Featuring work by a Japanese-funded US historian, the St. Louis Fed suggests Americans have forgotten how to save, and must re-learn to do so. So they're saying we've had a national stroke, and rather like a CNS with aphasia or ataxia, must once again learn how to do a basic function.
The New American Challenge: Learning To Save To Build Wealth
Their suggested remedy? Reopen all the post offices we just closed down, to host postal savings banks, like the Japanese do, to help distributed Americans hoard small amounts of fiat currency.
Let's get a second opinion on that diagnosis, and some alternate options on therapy. Okay, they may be onto something with the analogy of a stroke. However they may be thinking of the wrong area of the group-brain that was affected. There's more evidence that it was the emerging "higher-order" policy area that for some reason suddenly underwent significant, localized brain death.
Compared to the last time we had a depression this deep & prolonged (1932), several things have changed.
1) our aggregate population has more than tripled, increasing an already significant, organizational scaling task;
2) our population today features dramatically increased transaction options & frequency, thereby compounding our scaling task;
3) to meet that ballooning organizational scaling task, we transitioned from a fixed, commodity-based currency system that attempted to peg public initiative to a static value metric [producing recurring, disastrous constraints on public agility], to a fiat currency system, trading co-constrained policy/currency-value for floating currency value and unlimited agility in public policy;
4) that necessary evolution marked an inflection point in the evolving purpose of currency in aggregates of different size, complexity & agility;
a) in small, static aggregates, currency can be synonymous with any fairly stable supply of a commodity reference value, and hence a stable method of savings;
b) in large, agile aggregates, currency must be linked or "backed by" public initiative itself; with that change, currency becomes primarily an automatically-floating-value unit of account, and it's use as a stable store of value becomes negligible;
Ergo, citizens of a large, advanced, growing economy should "save" only a healthy mix of personal and aggregate options, never significant amounts of fiat currency. They should concentrate on agile use fiat currency ONLY to denominate increasingly complex & coordinated transaction chains - while exploring their unlimited, aggregate options. In today's economy, fiat currency is essentially an automatic stabilized supply, produced upon demand to denominate any & all transactions a clever population can design and safely manage. [We'll talk later about banks as licensed credit rating offices, NOT places to store fiat currency - see Mosler Economics for an in depth review of that topic.]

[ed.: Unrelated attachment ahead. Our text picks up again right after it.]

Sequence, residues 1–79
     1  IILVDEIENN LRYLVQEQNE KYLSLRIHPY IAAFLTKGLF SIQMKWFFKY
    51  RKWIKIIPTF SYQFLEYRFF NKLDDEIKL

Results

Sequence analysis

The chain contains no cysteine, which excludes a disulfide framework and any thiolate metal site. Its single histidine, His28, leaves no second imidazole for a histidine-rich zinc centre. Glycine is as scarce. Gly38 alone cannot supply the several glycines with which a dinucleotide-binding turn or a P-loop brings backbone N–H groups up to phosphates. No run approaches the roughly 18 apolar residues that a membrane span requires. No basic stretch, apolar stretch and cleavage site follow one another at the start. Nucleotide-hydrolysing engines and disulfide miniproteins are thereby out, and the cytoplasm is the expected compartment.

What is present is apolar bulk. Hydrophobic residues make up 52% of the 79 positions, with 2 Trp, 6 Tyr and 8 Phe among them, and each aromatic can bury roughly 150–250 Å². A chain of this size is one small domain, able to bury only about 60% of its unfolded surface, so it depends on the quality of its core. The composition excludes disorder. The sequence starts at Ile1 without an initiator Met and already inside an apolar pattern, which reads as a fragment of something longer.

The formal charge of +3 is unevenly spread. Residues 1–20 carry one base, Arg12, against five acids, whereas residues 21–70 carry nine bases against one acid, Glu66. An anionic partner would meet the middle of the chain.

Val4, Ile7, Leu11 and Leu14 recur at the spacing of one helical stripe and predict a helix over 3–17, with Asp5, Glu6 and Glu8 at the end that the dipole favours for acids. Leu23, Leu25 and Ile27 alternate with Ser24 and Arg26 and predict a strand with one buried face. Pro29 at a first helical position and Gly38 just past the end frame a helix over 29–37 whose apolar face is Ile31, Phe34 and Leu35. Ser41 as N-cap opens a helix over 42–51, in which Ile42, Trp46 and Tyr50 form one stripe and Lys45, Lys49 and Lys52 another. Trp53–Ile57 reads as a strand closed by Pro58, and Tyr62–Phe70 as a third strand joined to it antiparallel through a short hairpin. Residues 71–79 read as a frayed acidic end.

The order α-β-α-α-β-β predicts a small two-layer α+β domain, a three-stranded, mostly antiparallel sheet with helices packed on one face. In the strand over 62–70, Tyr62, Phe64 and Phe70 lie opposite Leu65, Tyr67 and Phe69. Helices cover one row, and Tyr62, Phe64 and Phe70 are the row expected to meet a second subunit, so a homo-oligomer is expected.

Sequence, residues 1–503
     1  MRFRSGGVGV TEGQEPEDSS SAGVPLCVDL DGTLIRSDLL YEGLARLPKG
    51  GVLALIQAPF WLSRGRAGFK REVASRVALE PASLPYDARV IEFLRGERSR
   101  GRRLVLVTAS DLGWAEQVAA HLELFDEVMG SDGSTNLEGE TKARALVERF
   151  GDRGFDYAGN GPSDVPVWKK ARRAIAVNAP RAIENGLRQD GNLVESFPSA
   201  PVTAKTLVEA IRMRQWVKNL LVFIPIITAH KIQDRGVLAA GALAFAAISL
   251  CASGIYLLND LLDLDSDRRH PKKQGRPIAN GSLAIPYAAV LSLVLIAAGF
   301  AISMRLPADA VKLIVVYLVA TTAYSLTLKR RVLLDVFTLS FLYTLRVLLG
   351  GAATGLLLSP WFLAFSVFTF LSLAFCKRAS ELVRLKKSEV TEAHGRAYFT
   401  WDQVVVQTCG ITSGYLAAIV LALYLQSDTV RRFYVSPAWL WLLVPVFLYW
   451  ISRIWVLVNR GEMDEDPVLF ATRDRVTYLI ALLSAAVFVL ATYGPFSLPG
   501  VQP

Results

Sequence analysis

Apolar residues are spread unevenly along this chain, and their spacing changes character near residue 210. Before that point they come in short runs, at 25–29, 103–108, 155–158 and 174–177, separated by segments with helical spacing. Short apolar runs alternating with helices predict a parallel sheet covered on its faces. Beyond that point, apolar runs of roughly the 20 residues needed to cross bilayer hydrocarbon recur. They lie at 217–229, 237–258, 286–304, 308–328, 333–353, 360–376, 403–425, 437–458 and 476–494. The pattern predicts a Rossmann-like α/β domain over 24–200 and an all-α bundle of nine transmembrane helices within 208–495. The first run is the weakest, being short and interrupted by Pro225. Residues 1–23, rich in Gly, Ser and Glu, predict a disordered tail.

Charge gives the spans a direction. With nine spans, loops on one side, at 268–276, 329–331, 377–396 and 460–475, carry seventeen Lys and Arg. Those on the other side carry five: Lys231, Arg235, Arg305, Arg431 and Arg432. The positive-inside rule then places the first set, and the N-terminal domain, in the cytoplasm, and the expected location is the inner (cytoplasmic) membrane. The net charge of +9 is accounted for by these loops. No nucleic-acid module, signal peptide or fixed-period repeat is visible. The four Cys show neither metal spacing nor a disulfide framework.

Methinks that urging poor people in a modern economy to hoard fiat currency is horrifyingly unethical. That equates to urging them to hoard ONLY those assets guaranteed by design to depreciate. It's also rather like teaching students how to individually chop down trees with an axe, instead of learning to type, parse & communicate what little matters in real-time, and PRACTICE staging, linking & sequencing increasing complex transaction chains. Rather than individual effort & individual hoarding, we should pay more attention to reaping the incredible return-on-coordination that is available but grossly under-leveraged. Put down that axe & fiat savings book, son, talk to these systems folks. We're gonna make your community survive. People over 2000 years ago could organize to do things we still can't imagine them being able to do, like Stone Henge & the Pyramids - not to mention complex tribal methods & strategies. Yet our "sophisticated" electorate today can't do things we can already imagine, because we imagine we're not "saving" fiat currency, and are thereby running out of it? Preposterous!
One has to wonder if Japan, Nissan, Sheldon Garon, Princeton University or the St. Louis Fed have ventured out into the real world at any time since 1933. Hint to all, "it's changed."
It really does seem to be true that it's easier to understand the constantly evolving operations & pace of real economies without any exposure to orthodox economics. Instead of Star Wars missile shields, the most strategic move militaries and nations could make is to build Bozone Shields around those remaining university economics departments still teaching un-evolved, orthodox macroeconomics - or it's history, out of context.